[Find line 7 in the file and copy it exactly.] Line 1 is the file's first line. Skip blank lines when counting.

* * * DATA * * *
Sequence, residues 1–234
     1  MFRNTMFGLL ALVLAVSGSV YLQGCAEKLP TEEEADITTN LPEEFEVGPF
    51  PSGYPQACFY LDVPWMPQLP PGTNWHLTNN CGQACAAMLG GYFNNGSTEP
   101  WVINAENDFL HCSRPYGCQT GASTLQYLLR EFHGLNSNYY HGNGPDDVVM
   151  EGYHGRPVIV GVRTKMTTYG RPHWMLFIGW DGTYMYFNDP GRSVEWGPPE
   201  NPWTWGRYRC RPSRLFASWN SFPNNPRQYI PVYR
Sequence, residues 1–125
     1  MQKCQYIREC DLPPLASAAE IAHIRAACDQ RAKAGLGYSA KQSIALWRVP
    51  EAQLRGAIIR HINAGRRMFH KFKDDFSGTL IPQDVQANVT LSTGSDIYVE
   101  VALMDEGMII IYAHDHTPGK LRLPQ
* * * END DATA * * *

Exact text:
Sequence, residues 1–125